We did not come out of this meeting the same. Several people testified to share their profound transformations. We agreed to answer the call to continue to walk together, in the spirit of restorative justice that was strenghtened during this weekend.
The aim of this project is to allow the expression of what can be hard to put in words, and to raise awareness about restorative justice as well as the path of victims of crime through a universal language, the art.
40 selected artworks will be exhibited in the online art gallery, Gallea for a one-month period from May 15 to 21, 2022. If conditions permitted, ten or so works will then be selected for an exhibition on site in Montreal.
Let your voice be heard to inspire others and contribute to public awareness.
Do you need help or you have more questions? Write to firstname.lastname@example.org
If you want to learn more about Victims and Survivors of Crime Week 2022, click here.
Each year, the CSJR accompanies about 250 people affected by violence (victims, perpetrators and community members) to find ways of healing together through restorative justice, thanks to restorative justice meetings and workshops.
In 2021, we adapted many of our services to the pandemic context, offering them online, which enabled us to reach people in remote areas (memory healing workshops, TransfoLab, training, awareness-raising, art therapy workshops and an exhibition of art works created by people who have been victims, etc.). Support was also offered by telephone, such as to women in prison.
We have reached 600 students in universities and CEGEPs and have increased awareness of restorative justice among several thousands of people, thanks to our activities and media presence, but also our Facebook page.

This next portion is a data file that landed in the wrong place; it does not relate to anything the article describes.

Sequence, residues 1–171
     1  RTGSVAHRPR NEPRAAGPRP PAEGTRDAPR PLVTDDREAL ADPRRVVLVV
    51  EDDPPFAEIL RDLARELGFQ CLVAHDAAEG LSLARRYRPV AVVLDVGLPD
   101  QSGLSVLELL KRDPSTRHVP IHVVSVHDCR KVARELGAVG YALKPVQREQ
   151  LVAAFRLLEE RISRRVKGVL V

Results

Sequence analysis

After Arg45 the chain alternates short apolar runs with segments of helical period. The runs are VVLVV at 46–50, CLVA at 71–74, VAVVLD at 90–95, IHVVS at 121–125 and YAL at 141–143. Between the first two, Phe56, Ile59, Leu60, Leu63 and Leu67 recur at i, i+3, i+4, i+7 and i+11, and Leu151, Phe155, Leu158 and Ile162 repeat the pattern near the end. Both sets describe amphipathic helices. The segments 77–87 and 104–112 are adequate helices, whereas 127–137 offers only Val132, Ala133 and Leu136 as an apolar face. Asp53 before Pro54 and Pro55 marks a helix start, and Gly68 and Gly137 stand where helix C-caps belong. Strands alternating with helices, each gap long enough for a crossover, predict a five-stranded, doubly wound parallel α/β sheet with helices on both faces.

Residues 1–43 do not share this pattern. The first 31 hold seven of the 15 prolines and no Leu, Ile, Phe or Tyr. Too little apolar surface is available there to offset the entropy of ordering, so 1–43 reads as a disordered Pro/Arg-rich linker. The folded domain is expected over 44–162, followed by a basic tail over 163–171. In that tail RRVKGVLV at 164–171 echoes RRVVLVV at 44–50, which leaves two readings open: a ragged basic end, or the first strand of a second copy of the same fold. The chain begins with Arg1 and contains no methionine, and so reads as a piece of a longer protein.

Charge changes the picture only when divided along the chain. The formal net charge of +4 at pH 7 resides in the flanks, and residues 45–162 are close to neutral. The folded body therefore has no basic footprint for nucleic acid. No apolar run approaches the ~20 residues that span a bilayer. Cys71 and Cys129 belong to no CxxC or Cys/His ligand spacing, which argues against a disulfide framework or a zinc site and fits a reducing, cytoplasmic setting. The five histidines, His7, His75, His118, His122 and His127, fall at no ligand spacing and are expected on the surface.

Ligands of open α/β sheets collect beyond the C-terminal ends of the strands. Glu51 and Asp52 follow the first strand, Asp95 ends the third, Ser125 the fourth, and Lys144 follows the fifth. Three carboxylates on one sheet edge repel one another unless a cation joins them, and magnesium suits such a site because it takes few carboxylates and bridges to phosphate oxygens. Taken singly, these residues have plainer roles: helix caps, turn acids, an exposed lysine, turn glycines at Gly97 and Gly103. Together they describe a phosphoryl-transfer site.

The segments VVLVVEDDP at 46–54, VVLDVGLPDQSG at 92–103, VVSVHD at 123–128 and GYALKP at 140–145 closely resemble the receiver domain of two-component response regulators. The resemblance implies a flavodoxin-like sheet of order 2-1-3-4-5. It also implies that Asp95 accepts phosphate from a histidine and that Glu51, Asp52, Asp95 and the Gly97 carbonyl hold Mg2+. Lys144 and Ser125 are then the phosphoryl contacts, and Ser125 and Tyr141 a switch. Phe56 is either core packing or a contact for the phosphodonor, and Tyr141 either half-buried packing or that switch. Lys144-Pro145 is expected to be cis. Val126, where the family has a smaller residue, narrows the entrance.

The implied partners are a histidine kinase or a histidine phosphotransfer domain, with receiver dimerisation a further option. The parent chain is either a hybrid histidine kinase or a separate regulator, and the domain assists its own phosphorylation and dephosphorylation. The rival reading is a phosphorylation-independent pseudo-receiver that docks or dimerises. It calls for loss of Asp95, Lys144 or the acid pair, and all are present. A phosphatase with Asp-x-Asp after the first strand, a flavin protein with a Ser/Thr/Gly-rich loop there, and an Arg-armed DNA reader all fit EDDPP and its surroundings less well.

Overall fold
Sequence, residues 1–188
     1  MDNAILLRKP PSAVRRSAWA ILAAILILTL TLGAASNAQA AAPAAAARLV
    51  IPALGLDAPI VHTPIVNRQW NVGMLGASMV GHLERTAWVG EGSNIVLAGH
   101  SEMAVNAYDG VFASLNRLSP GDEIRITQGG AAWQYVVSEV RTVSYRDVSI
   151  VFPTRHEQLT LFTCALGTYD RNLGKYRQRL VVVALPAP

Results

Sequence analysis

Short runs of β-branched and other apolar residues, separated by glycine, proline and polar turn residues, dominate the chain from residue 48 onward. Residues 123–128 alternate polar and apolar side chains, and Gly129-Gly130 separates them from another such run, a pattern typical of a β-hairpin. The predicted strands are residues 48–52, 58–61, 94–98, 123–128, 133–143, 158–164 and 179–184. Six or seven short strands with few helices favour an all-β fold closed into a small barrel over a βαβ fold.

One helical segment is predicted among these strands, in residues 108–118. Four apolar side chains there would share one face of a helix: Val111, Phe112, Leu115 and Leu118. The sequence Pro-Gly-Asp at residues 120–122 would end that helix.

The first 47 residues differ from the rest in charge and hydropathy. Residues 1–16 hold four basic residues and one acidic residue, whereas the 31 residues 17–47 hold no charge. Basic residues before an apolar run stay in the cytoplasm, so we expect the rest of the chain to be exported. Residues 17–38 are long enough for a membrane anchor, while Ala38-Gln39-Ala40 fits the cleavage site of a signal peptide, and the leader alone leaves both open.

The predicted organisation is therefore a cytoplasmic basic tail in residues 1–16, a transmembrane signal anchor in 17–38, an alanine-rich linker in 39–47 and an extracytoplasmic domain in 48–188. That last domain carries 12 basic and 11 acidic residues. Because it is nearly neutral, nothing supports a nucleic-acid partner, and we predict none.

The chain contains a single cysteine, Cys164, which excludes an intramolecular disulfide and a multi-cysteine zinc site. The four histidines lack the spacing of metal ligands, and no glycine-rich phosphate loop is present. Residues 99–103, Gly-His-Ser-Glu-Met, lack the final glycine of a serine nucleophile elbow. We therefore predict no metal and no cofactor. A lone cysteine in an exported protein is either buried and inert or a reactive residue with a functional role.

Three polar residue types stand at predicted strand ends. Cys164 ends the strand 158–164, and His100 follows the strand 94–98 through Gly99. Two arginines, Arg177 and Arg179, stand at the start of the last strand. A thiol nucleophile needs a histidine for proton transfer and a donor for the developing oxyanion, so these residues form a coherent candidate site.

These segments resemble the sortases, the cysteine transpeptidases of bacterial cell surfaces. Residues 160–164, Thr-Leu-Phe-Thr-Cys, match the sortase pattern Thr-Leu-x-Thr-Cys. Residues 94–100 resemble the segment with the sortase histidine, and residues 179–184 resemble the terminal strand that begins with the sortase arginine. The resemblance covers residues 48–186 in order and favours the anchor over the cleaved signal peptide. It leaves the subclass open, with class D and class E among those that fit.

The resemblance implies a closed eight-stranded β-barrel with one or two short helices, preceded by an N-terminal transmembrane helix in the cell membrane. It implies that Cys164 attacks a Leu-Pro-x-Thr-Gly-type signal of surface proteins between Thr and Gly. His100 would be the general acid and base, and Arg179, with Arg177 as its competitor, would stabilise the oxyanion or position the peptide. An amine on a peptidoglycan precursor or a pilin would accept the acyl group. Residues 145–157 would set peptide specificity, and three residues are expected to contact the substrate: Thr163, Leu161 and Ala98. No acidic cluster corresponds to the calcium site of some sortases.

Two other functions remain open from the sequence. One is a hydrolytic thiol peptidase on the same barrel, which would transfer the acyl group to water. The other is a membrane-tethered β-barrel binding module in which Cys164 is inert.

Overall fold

In 2022, please help us to reduce our waiting lists, make our services accessible to more people and allow for restorative justice to become a community resilience tool for both individual and collective trauma.
All this will be possible thanks to your generosity.
To join us in our mission to transform lives and our communities, donate today
Restorative justice is a process of dialogue and sharing of experiences in a group setting that promotes individual healing and the repair of social bonds broken by violence.
The CSJR has a charity number. You can therefore receive a donation receipt for tax purposes for any amount over $20.
→ To make a donation:
The call for entries has started! Send in your creations by October 22 to participate in the Victims and Survivors of Crime Week exhibition.
With the Gallea online art gallery, the CSJR invites you to share your creations (paintings, photographs, drawings, sculptures, prints, poetry, slam…). No need to be a professional artist. Don’t hesitate!
Your story and your creative process can inspire others and will contribute to raising awareness.
If you need help to create your profile on Gallea and upload your photo and presentation of your work, contact us at email@example.com.
The exhibition will be held online from mid-November to the end of the year.
Please note that an event will be organized on Friday, November 19th, starting at 5:30 pm, in a bistro in Montreal. More information to come.
This exhibition is possible by the funding of Justice Canada.
Words beyond walls
To celebrate its 20th anniversary, the Centre for Services in Restorative Justice (CSJR) invites you to take part in a mail-art project. The theme of the project is:
“Words Beyond Walls”
Rules and conditions
Application deadline is July 31st, 2021
The postcard must be sent by mail and include the following details: your name, mailing address, and email address.
Where to send it: CSJR, 7333 rue Saint-Denis, Montreal (Quebec) H2R 2E5 CANADA – firstname.lastname@example.org
About « Mail Art »
Mail art is an artistic correspondence where both the envelope and the contents become an artistic expression of support placing equal value on text and image. This form of expression was inspired by the practices of soldiers during the war. They would draw on postcards and envelopes sent to their families to share what they were not able to express with words and in order to avoid censure.
Mail art often uses the following mediums: collage, photocopies, seals, stamps, visual work on the envelope, scripture, typewriters, stencils, stationery, adhesives, etc.